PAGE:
McClellan Financial Publications
MAY 3, 2018
There has been no more reliable technical ‘buy’ indictor for silver than an above-80 gold/silver ratio, and though it has dipped just below 80 (as it always has before once topping this level), it remains elevated and marks silver as historically undervalued relative to gold right now.
The ratio of gold prices versus silver prices is now up to the type of high reading that in the past 2 decades has marked an important low for both gold and silver prices.
The value of anything is always and in every case a ratio. Most often the units are expressed as dollars per ounce, dollars per bushel, dollars per share, etc. But expressing the price of an ounce of gold as being equivalent to 80 ounces of silver is perfectly legitimate.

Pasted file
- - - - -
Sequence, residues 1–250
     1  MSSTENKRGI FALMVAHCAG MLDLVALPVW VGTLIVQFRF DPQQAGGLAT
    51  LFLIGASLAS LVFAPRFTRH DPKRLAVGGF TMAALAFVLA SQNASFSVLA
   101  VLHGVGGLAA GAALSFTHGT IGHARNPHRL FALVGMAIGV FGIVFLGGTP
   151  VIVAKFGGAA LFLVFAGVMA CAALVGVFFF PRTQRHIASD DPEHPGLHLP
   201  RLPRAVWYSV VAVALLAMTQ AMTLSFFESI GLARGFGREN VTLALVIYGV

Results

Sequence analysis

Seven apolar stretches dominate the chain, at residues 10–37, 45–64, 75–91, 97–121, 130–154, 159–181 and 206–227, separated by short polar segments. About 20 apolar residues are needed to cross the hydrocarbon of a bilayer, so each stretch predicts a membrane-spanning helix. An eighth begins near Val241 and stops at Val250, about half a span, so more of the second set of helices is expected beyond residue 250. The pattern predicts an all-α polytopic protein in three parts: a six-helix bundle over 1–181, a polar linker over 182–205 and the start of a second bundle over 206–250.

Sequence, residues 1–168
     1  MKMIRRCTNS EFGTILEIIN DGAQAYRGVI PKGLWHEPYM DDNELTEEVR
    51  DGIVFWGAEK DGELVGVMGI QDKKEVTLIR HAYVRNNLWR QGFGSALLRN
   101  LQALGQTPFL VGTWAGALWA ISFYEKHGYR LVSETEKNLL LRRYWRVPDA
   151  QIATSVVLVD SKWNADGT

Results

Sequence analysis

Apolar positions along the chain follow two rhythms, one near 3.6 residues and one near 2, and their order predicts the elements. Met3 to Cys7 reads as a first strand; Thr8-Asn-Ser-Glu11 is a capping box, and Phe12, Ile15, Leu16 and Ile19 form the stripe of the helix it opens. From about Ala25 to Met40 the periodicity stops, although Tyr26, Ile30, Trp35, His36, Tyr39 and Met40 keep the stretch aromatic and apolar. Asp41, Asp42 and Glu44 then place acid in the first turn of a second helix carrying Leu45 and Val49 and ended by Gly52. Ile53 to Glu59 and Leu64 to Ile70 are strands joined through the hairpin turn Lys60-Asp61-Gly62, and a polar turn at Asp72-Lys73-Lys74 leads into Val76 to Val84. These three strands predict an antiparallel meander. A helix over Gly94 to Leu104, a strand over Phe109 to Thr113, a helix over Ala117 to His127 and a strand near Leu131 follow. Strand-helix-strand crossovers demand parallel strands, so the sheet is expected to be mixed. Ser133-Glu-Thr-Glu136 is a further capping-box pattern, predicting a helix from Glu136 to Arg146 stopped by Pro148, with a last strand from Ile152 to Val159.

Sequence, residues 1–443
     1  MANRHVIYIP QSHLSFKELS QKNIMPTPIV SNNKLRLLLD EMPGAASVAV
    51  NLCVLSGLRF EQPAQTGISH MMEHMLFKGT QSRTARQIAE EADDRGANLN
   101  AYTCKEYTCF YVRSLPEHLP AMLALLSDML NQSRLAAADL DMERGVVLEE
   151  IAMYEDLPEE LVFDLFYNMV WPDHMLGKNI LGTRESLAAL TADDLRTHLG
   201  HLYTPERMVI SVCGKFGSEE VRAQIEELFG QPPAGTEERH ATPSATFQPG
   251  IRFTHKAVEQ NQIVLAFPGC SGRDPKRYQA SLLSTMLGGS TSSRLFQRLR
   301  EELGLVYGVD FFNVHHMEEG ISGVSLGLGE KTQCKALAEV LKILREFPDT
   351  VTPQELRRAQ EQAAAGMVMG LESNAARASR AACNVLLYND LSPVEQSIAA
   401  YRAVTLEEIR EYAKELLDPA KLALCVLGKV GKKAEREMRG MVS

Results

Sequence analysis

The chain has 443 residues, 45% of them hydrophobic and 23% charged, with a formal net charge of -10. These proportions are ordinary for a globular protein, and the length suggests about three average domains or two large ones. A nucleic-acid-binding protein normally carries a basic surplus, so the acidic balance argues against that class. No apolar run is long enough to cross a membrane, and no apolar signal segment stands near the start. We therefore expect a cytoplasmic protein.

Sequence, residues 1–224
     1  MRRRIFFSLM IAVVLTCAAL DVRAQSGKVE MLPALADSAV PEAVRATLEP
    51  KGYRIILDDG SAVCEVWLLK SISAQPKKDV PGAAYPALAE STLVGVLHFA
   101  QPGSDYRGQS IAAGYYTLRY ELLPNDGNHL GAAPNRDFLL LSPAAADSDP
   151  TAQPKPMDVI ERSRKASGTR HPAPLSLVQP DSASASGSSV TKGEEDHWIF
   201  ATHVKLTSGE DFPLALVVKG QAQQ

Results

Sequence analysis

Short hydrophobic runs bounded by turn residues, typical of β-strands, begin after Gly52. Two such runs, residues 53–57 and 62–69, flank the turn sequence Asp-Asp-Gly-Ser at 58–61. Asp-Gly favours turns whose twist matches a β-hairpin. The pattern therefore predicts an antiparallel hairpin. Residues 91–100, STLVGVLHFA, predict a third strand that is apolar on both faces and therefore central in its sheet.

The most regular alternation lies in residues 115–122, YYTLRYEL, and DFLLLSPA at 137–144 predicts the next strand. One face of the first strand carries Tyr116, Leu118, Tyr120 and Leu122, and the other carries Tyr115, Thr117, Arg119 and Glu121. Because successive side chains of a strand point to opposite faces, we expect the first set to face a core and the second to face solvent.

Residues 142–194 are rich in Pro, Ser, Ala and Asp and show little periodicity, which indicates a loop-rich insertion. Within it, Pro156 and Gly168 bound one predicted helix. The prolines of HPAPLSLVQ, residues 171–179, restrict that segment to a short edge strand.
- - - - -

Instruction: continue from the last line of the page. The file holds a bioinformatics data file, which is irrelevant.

We can understand the implications of the dollar price of something being expensive or cheap; it takes a little bit more energy to apply that same principle to such a comparison of the two precious metals’ prices, but it is still valid.
A high ratio like this says that gold is expensive relative to silver. But turning that around, it says that silver is cheap relative to gold. And there is information in that cheapness of silver.
Silver is actually the more speculative metal versus gold. I like to say that gold is the dog, and silver is the tail, wagging around a whole lot more wildly. When this ratio gets up to around 80 or above, it means that speculative fervor is at a minimum. Usually that means a bottom for gold (and silver) prices. But sometimes it can mark a point where both are poised for a big breakout move, as was the case back in 2003.
The period from late 2014 to present has seen this ratio stay between 65 and 85. This is the quietest range it has seen in years, implying that something big is brewing. The 8-year cycle says that it should be a big move upward.